What follows is another yearly installment in our family’s complete history told via the 1988 Flanders Family Christmas Update. To see a full listing, see Our Christmas Letters. For tips on writing your own family history in this fashion, follow this link. In the meantime, enjoy!
The Flanders Family Update: 1988
January 1988 Happenings
Why our apartment complex insisted we rent an extra 350 sq ft to accommodate one tiny infant is more than I can understand — baby still sleeps in bed between us while the nursery stands empty — but rules are rules, so in January we transferred all our worldly goods from a cozy one-bedroom flat to slightly-more-spacious two-bedroom studio. As we don’t own much, this didn’t take long. Doug was able to cart most of our stuff down the block on his back, including our sofa (a tufted vinyl settee that was missing three buttons), our bed (a queen-size mattress, no frame), and our kitchen table (a drop-leaf Duncan Phyfe with water marks and one wobbly leg).
February 1988 Happenings
He might have saved himself the trouble had we waited another month. Most of those second-hand furnishings were replaced with the real thing in February. We spotted a notice in the Sunday paper that a North Dallas furniture store was going out of business and liquidating its inventory. We attended the auction and came home with a four-poster bed, a Queen Anne dining table, and — best of all — a Clayton Marcus camelback couch covered in an exquisite white damask fabric. (Flash forward six months to the first time baby drooled on the seat cushion and ruined the upholstery: What on earth were we thinking?)
March 1988 Happenings
Doug was sick for 16 days straight in March. His fever broke just in time for him to accompany Jennifer to her first Natural Childbirth Class. For all the talk about relaxing completely and breathing deeply, Jennifer was beginning to feel a little nervous about her impending delivery and was glad to have Doug at her side. Unfortunately, when she tried to discuss what she was learning in class with her doctor, he became livid. “Don’t tell me how to deliver a baby! I’m the expert here. I’ve been delivering babies longer than you’ve been alive! No, I can’t guarantee your husband can stay in the room with you. He may get horsy on me, and I’ll have to throw him out….” Perhaps he missed the good old days, when women were knocked out cold before giving birth. Jennifer wasted no time in finding a new obstetrician. Dr. Ben Howard graciously agreed to take her on, and we’ve been delighted with his clinical expertise, as well as his bedside manner.
April 1988 Happenings
April brought cause for great jubilation. Not only did we celebrate both our birthdays and the anniversary of the day we met, but Doug finally heard from Southwestern: “We are pleased to offer you a position in our 1988 entering class….” Glory hallelujah! We won’t have to move to San Antonio, after all. (He’d received an acceptance letter from that branch of UTHSC back in January).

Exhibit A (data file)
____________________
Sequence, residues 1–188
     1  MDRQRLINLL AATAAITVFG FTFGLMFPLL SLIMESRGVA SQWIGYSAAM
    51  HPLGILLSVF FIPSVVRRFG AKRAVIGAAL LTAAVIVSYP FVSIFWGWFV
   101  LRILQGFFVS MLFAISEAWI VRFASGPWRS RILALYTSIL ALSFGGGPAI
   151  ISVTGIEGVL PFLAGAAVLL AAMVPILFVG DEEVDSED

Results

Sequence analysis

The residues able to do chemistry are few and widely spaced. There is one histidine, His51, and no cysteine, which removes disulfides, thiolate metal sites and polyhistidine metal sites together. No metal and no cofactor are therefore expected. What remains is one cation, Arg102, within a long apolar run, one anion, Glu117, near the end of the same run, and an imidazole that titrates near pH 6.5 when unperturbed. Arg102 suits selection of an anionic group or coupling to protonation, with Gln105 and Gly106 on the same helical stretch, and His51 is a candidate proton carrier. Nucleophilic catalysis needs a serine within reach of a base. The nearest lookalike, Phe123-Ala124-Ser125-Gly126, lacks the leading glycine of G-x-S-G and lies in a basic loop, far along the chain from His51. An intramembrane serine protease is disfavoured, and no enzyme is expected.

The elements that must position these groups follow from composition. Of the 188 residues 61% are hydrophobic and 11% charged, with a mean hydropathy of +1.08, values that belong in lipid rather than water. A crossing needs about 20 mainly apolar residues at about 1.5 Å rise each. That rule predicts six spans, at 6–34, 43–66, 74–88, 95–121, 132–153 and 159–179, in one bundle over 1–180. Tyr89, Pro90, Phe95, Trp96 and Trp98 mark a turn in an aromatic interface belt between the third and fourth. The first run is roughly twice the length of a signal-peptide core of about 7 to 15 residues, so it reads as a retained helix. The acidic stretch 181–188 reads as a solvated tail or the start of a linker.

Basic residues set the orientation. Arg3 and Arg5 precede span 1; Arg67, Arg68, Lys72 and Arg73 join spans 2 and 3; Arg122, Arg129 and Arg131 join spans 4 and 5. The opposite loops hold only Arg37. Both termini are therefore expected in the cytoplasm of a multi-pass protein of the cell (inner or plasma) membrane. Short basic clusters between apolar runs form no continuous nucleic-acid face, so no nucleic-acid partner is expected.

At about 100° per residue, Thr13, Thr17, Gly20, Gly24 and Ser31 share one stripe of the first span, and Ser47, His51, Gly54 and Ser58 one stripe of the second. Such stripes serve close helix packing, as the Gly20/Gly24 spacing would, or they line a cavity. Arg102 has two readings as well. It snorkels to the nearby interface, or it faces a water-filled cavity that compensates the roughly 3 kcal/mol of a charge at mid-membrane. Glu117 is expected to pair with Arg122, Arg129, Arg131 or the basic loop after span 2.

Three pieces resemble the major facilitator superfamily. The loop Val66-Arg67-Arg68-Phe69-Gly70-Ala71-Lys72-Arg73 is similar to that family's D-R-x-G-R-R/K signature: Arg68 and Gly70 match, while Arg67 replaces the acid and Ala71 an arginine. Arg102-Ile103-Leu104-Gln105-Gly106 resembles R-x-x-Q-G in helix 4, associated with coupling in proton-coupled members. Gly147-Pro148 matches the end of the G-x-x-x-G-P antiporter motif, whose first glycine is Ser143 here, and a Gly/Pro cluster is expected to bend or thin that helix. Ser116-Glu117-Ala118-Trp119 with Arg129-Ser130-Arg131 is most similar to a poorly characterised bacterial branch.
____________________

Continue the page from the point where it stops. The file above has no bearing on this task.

May 1988 Happenings
May was filled with music. While Doug despaired of ever learning to sing (he’d been taking lessons from Jennifer’s voice teacher for over a year now — an exercise in frustration for both parties), Jennifer re-auditioned for the Dallas Symphony Chorus, now required of all members annually. She sang Mozart’s Queen of the Night Aria. Director Ron Shirey stopped her half-way through, fearing she’d go into labor if she had to hit any more high A’s. One is enough, he assured her: She may keep her spot in the first soprano section.
The Chorus performed Prokofiev’s Alexander Nevsky mid-month. As soon as the strings began to tune, our unborn child stopped turning somersaults and settled down to listen, thus demonstrating a discriminating taste in music, even in utero.
The month was nearly over before baby showed any sign of wanting out. Jennifer eventually felt a few contractions, and Doug drove her to the hospital. They were more intense by the time we pulled into the parking lot, but she was still determined to deliver without anesthesia. Ninety minutes later, she was wondering how her friends whose labors lasted two solid days ever survived 48 hours of this. “I can’t do it,” she begged, “give me an epidural!” Too late, the doctor informed her. Baby is crowning, so push. That she did and was rewarded with a beautiful son: Jonathan Douglas entered the world May 31 at 3:02 AM. He measured 22½ inches and weighed a whopping 10 lbs 6 oz, with ruddy skin, dark eyes, and a shock of long black hair. His sideburns were so long, in fact, it was all Jennifer could do to resist trimming them on the spot!
June 1988 Happenings